Beware the Phantom in Your Home

It’s out there ... 24 hours a day, 365 days a year, consuming constantly. It’s in virtually every home in the country. It may not have a big appetite, but it is eating every minute of every day. It may not run up your grocery bill - but it does add up on your power bill.

“It” is phantom power, also referred to as standby power: that little trickle of electricity used by many appliances in our homes even when they are turned off. Bizarre as that sounds, it’s true – many things in our homes use power even after we turn them off.

Why would something be designed that way? The answer is convenience.

Years ago, there was no such thing as phantom power. When you turned things off, they were 100% off.

But then along came a revolution in home electronics. We were introduced to televisions with innovations like remote control and quick-on – and we quickly fell in love with them. Before long, stereos had remotes too. Then microwave ovens got clocks, so they could be programmed to have supper cooked when we arrived home. Then along came new types of electronics, like VCRs and DVDs. They were programmable, so we could record shows even when we weren’t at home. We’ve continued to snap up new electronic gadgets ever since.

All with wonderful features, but all with something in common: they use power every minute of every day, even when turned off.

Why is that? Well, a remote control doesn’t work unless the TV you’re pointing it at can pick up its signal – so the TV has to be ‘listening’ all the time, and that takes power.

A programmable function on a DVD or microwave is useless unless there’s a clock built in to tell it when to start.

So thanks to these convenience features, virtually every TV, DVD, stereo and microwave oven in North America today is drawing a few watts of power this very minute.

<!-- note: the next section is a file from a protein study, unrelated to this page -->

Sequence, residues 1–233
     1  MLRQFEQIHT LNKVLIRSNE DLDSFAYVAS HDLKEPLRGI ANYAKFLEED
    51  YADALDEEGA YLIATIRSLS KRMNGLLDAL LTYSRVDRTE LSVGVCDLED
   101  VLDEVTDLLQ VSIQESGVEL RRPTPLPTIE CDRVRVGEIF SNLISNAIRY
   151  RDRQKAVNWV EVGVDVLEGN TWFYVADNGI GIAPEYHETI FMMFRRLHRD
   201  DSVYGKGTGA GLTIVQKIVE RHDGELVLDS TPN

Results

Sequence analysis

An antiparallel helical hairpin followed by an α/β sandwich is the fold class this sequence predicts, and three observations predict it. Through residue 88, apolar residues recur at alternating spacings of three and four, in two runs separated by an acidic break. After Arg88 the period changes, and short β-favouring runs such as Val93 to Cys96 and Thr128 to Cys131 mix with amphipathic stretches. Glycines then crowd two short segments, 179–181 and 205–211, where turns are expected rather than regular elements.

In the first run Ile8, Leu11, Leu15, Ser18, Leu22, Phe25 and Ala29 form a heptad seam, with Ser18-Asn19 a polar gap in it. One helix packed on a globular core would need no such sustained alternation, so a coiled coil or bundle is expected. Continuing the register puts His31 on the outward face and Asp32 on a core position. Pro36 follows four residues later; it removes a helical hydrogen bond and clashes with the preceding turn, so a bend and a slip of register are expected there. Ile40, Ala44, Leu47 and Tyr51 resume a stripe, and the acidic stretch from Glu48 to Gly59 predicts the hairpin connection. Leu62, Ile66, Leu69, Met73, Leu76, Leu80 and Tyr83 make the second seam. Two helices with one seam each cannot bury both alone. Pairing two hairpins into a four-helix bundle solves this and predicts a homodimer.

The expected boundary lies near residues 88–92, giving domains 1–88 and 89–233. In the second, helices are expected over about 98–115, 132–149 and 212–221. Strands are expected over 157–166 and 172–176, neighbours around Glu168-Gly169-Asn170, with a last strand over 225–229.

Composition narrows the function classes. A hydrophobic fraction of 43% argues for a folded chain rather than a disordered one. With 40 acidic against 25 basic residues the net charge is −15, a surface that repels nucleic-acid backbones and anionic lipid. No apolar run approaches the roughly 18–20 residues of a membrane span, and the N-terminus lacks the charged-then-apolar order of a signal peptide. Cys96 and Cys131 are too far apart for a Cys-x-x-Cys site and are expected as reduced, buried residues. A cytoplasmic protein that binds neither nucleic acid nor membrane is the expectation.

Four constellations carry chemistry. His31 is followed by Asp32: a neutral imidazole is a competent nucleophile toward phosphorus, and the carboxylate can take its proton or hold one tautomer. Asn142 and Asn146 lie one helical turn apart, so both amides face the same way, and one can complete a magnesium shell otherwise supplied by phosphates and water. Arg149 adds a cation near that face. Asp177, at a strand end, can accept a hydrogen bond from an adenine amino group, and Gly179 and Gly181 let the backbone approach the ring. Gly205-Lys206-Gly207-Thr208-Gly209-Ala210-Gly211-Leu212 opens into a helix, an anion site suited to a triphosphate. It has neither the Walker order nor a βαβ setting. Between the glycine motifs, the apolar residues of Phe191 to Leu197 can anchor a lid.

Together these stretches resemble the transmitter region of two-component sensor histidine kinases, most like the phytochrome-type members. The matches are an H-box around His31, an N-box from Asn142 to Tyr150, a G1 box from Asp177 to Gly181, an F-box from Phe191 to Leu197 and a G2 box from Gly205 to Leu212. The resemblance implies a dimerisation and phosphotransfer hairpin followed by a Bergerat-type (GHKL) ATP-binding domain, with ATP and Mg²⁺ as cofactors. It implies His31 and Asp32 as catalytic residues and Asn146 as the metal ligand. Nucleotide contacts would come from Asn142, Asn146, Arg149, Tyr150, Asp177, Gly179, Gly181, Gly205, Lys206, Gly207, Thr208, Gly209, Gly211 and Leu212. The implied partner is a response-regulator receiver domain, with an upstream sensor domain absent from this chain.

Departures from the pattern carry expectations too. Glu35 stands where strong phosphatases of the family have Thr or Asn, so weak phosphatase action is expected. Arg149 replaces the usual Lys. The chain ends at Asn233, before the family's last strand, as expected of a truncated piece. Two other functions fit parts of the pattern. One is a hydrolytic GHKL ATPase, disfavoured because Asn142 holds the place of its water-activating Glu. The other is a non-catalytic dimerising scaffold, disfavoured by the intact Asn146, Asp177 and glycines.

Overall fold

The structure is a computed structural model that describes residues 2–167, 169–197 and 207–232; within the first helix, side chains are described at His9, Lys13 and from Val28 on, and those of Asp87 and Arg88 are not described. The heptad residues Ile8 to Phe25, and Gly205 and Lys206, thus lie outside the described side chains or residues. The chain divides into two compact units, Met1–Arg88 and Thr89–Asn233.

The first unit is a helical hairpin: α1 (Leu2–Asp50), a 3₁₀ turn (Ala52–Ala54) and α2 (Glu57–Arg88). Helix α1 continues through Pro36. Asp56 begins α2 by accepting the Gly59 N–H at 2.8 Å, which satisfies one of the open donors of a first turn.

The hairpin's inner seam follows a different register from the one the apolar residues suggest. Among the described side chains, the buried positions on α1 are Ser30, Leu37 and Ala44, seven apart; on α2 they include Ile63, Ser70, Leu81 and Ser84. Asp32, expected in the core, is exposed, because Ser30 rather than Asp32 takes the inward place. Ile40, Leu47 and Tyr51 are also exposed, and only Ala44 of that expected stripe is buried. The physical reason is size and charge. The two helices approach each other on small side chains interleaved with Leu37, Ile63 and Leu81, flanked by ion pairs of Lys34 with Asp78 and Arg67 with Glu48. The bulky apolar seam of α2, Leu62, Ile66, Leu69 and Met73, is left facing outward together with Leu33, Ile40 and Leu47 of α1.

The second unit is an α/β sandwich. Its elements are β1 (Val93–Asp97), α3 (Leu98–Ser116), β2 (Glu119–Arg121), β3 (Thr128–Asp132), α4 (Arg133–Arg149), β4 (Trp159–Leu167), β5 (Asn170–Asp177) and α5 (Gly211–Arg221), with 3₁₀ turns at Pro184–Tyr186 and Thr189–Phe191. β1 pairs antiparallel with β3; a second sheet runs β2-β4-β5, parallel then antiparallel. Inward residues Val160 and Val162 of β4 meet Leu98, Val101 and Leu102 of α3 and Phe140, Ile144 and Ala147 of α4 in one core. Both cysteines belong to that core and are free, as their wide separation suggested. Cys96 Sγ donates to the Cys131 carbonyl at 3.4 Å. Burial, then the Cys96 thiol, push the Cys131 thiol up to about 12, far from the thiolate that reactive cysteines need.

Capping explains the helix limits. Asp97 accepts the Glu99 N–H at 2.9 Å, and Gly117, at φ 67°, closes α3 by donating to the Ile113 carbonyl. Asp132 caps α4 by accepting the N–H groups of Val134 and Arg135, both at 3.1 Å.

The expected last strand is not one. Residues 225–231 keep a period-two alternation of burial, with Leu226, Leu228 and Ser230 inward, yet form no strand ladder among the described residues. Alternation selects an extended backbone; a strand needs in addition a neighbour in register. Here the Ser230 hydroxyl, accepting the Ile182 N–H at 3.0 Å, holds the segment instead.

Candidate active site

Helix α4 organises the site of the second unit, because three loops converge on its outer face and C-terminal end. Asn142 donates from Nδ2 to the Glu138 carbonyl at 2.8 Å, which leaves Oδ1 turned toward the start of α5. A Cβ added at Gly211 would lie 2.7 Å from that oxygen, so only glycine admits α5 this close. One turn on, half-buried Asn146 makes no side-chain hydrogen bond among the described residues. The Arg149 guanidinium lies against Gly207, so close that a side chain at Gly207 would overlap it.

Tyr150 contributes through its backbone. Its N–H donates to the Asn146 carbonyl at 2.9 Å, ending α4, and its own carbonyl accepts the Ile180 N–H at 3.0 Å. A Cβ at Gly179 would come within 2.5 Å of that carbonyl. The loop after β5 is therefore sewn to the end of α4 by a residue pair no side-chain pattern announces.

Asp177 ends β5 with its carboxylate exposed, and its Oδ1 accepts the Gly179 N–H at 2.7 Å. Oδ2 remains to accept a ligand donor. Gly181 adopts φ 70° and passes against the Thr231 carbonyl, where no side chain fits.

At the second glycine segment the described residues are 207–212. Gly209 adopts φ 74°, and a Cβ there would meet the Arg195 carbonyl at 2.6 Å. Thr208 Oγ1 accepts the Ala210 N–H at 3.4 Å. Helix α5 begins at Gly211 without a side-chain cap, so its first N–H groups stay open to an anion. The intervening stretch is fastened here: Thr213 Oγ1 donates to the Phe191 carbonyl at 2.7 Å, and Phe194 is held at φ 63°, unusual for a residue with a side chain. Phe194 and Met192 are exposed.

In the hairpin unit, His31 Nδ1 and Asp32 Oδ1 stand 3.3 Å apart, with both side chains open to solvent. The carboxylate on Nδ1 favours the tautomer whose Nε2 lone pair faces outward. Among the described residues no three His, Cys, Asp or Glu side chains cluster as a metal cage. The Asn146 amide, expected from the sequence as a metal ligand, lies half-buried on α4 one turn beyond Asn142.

How many watts? Well, my TV and VCR each use 8 watts while switched off. My DVD uses 9 watts, and my stereo uses 2 watts. The total, 27 watts, is equal to having 2 compact fluorescent lights on continuously. Just keeping those electronics plugged in is costing me about $24 per year.

That may not sound like much, but our home also has a microwave oven, a stove with a clock, cordless phones, an answering machine, a couple of portable stereos, a pair of walkie-talkies and a computer with all the attachments. Natural Resources Canada estimates that the average home has 25 or more of such products, all adding up on the monthly power bill.

So what can a homeowner do about it?

First, identify the culprits. I’ve already mentioned most of them, but perhaps computers deserve special mention because of our tendency to leave everything running all the time. My computer uses 60 watts, the monitor uses 50 watts and the wireless router uses 8 watts.

And many gadgets that can run on electricity or batteries have a transformer in their power cord – that black block, often on the plug end. If they’re warm when plugged in, they are drawing power.

Where possible, plug electronics into a power bar and turn the bar off when things are not in use. A power bar can eliminate standby power, and you can get one for less than $10 at most hardware stores. Simply unplugging things is another option.

Of course, there’s a certain downside: blinking clocks or clocks that always show 12:00; and the nuisance factor. It’s up to each of us to decide how far we want to go.

The longer term solution will come when you upgrade your home electronics. Look for the ENERGY STAR logo when you buy, because products with that logo use 1 watt or less in standby mode. Natural Resources Canada estimates that if all electronics in Canada were ENERGY STAR, it would save enough power to run 400,000 homes. That’s all of New Brunswick and then some.

So banish the phantom from your home by switching off, unplugging and buying efficient new electronics. It will help make your power bill a bit less scary.

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Carl Duivenvoorden is one of two Atlantic Canadians trained by Al Gore to deliver live presentations of “An Inconvenient Truth”. He lives in Upper Kingsclear, and can be reached via his website, www.changeyourcorner.com.

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Or phone Carl at 506. 363. 8117 (in Kingsclear, New Brunswick).